Welcome to the Treehouse Community

The Treehouse Community is a meeting place for developers, designers, and programmers of all backgrounds and skill levels to get support. Collaborate here on code errors or bugs that you need feedback on, or asking for an extra set of eyes on your latest project. Join thousands of Treehouse students and alumni in the community today. (Note: Only Treehouse students can comment or ask questions, but non-students are welcome to browse our conversations.)

Looking to learn something new?

Treehouse offers a seven day free trial for new students. Get access to thousands of hours of content and a supportive community. Start your free trial today.

Java Unit Testing in Java What to Test Know Your Bounds

JT Keller
JT Keller
12,731 Points

Single Entry/Single Exit Philosophy in Java from Unit Testing in Java

Hey Craig,

Enjoying the course so far! I did have a quick question regarding the fix you implemented for the getItemPrice method. Most of the developers that I work with follow a strict single entry (self enforced with most modern languages) along with a single exit philosophy. Based on what I've read, the single exit piece of this philosophy seems somewhat antiquated. What's your take on this approach?

Relevant Link: http://stackoverflow.com/questions/17295315/when-a-statement-is-said-to-be-single-entry-single-exit-and-when-it-isnt

1 Answer

Craig Dennis
STAFF
Craig Dennis
Treehouse Teacher

I think it really depends on the situation and the complexity of the code inside the method (in which case the method should probably be broken down farther).

The single exit principle is pretty dogmatic and like you said antiquated. The single return was actually originally attempting to tackle the spaghettiness of GOTO statements, and it has long been misunderstood to be returning from when the original problem it was solving was returning to. That being said others have made cases for when this principle is still valid in a Java return way. But that said, it's dogmatic in most cases and does not improve legibility.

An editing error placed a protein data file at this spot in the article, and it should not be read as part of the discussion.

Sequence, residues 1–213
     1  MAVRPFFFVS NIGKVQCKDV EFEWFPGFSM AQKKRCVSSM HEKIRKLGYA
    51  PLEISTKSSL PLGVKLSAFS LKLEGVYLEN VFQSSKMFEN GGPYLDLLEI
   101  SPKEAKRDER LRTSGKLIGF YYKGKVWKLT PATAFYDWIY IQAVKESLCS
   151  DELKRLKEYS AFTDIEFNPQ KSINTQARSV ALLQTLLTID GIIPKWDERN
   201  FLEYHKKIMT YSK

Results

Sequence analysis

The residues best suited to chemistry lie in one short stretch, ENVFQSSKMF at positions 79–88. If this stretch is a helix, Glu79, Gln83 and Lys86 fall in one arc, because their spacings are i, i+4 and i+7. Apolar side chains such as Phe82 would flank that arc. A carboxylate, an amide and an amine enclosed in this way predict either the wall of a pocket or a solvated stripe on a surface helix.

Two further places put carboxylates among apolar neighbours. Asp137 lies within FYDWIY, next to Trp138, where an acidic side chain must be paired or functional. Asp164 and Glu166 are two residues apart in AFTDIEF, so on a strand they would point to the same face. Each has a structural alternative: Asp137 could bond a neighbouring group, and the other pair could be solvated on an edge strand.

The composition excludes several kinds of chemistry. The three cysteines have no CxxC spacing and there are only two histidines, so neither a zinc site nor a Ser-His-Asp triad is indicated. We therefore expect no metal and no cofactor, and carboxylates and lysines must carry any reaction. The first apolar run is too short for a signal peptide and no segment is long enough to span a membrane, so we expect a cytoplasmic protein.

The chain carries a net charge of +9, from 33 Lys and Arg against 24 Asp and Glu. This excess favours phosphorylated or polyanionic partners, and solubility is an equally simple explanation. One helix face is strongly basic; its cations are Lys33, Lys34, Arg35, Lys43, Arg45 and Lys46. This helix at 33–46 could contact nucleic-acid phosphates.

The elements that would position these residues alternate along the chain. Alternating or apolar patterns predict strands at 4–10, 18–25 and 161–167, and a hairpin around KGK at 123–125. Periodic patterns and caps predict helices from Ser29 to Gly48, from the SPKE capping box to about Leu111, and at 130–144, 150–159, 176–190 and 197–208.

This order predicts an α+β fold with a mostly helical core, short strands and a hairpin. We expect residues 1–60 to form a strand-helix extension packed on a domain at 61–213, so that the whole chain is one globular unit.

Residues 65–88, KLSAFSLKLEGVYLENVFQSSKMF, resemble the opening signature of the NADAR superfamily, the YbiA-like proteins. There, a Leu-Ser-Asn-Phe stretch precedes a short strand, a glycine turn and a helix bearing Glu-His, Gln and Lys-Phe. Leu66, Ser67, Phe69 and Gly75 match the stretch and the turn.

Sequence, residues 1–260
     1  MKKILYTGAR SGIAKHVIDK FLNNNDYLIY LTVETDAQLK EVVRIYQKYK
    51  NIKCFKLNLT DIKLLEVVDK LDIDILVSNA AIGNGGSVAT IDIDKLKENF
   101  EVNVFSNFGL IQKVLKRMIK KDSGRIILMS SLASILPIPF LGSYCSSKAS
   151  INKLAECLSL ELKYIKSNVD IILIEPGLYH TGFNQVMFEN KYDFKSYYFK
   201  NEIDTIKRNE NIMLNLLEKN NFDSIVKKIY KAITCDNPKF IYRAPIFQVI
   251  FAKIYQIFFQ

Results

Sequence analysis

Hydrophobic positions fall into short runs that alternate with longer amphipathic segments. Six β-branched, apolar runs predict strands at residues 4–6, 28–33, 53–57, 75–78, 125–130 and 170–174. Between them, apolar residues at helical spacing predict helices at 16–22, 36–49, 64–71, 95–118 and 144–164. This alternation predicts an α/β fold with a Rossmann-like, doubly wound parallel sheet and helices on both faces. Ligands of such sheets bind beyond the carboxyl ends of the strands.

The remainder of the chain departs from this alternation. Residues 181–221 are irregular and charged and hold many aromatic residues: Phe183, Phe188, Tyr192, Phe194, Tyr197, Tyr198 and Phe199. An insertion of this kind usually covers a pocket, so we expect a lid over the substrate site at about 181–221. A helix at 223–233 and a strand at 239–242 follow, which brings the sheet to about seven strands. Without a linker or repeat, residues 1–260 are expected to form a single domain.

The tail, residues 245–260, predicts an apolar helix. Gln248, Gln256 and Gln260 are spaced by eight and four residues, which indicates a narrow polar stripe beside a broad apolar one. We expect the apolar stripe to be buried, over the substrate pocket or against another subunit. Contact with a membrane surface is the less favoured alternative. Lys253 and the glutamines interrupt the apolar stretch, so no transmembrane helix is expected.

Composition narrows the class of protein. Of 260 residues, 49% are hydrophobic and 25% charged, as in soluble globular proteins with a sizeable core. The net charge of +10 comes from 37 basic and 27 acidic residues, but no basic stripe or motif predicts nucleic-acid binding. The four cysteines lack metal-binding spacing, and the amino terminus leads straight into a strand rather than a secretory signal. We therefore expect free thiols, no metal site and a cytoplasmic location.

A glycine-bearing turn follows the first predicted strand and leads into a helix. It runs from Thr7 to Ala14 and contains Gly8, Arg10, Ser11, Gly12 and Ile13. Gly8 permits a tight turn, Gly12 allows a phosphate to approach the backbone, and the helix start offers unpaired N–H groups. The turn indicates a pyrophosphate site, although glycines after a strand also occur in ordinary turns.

If your code doesn't produce side effects, I actually think that the sooner you can exit a method the better. But that's a matter of taste and team. Always follow whatever style is in place, but if I am writing new code, I usually always default on returning early and often. I think it reads cleaner in most cases.

I'm going to do a little Google hunting to see what popular style guides say about it, and I'll let you know my findings.

Craig Dennis
Craig Dennis
Treehouse Teacher

No clear mentions in the big ones, but lots of multi-return methods ;)

Gavin Ralston
Gavin Ralston
28,770 Points

[the problem was] misunderstood to be returning from when the original problem it was solving was returning to.

...and that problem seems solved since method calls are returning to the same point in the code so why are folks clinging to the dogma? Seems the Martin Fowler "Refactoring" quotes in that S.O. post made a whole heap of sense.

Or, really, it makes a whole stack of sense.

(crickets)